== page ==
Charlie Tsegeletos is a professional wine judge, past President of the Sonoma Valley Vintner’s and Growers Alliance, an avid snow skier and motorcyclist. He resides on an old chicken ranch in the hills of Sonoma with his wife and daughter and an overgrown dog. “He’s 125 lbs and is a ‘block dog.’ He visits people up and down the road.”
In 1981, while visiting his Uncle Jim and Aunt Betty on North Castle Road, he walked up the road to apply for a job at Hacienda Winery. '
He never left Sonoma, but did move on to other wineries and in 2002 he joined , where he’s responsible for winemaking and production for Cline, Oakley and Jacuzzi Family Vineyard brands.
SP: You live on an old chicken ranch. Do you have chickens now?
Charlie: We have foxes in our area- so decided against the chickens. But my Mom and Dad raise chickens at their place off of Napa Road. A few weeks ago my Dad watched a fox run across his yard with one of his chickens in its mouth.
SP: Good decision about the chickens. Are you having “ski withdrawals” due to the lack of snow?
Charlie: My daughter Olivia and I got a day in a couple of weeks ago and it was pretty grim. It’s looking much better after this recent storm.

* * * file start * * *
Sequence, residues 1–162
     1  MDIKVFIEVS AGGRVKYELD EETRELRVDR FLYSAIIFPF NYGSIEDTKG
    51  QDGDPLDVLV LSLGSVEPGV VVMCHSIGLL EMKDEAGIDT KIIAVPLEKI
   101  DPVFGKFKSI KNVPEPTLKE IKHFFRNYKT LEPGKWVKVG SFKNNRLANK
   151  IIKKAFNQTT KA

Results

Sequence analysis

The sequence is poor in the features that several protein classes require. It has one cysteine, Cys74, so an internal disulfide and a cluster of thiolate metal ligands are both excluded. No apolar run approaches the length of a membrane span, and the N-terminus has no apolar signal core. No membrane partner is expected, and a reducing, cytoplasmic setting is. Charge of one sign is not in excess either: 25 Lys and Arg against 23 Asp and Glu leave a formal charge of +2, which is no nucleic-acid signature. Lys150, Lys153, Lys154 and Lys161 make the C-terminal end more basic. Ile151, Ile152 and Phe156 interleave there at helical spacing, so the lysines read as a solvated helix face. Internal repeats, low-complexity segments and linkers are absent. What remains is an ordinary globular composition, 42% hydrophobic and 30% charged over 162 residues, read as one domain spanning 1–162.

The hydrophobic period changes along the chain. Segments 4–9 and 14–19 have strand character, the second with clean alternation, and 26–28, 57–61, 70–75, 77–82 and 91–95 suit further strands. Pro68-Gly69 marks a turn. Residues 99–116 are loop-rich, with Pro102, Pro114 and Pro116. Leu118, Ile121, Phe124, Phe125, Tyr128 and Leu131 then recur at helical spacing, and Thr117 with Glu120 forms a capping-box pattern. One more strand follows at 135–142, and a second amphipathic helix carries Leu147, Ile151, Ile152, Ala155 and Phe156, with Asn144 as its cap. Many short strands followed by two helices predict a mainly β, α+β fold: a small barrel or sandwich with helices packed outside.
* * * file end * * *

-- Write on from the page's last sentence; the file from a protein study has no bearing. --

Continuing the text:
SP: What’s up with the motorcycles?
Charlie: I ride a KTM in the dirt and I just bought a BMW RT for the street. And I have an odd, custom Ducati I put together a few years ago.
SP: How did that passion start?
Charlie: When I was about twelve my Mom and Dad refused to let me have a mini-bike. I begged, I pleaded, I presented my case but still no mini-bike. When I turned 15 1/2 (the legal age for riding a motorcycle with a learners permit) I told them I was buying a bike or moving out! It worked, and I haven’t been without a motorcycle since.
SP: Your great grandfather, Guippe Guidotte, grew grapes and made wine in Sonoma County in the 1930s. Was it your destiny?
Charlie: I once read that “destiny is a matter of choice, not chance.”
SP: People who aren’t in the industry view it as “glamorous.”
Charlie: It has its glamorous “tuxedo” moments and then there’s, “It’s my birthday and I’m stuck in a pair of rubber boots being stung by a yellow jacket” moments.
SP: What’s the most challenging grape you work with?
Charlie: A lot of winemakers would say Pinot Noir but I think that Chardonnay can be a bear. The grapes give you fits during cold and wet years, but trying to capture the butter flavor after a malo-lactic fermentation is a challenge. And then, do you oak it or not?
SP: Are you involved in the community?
Charlie: My wife is very active with an organization called “Little Kid’s Rock.” They give musical instruments to kids and set up music classes at schools. The kids have to keep their grades up to keep the instruments. And we do what we can for the Sonoma Community Center.
SP: If you weren’t making wine for a living, what would you be doing?
Charlie: I don’t know but I hope my hands would be getting greasy.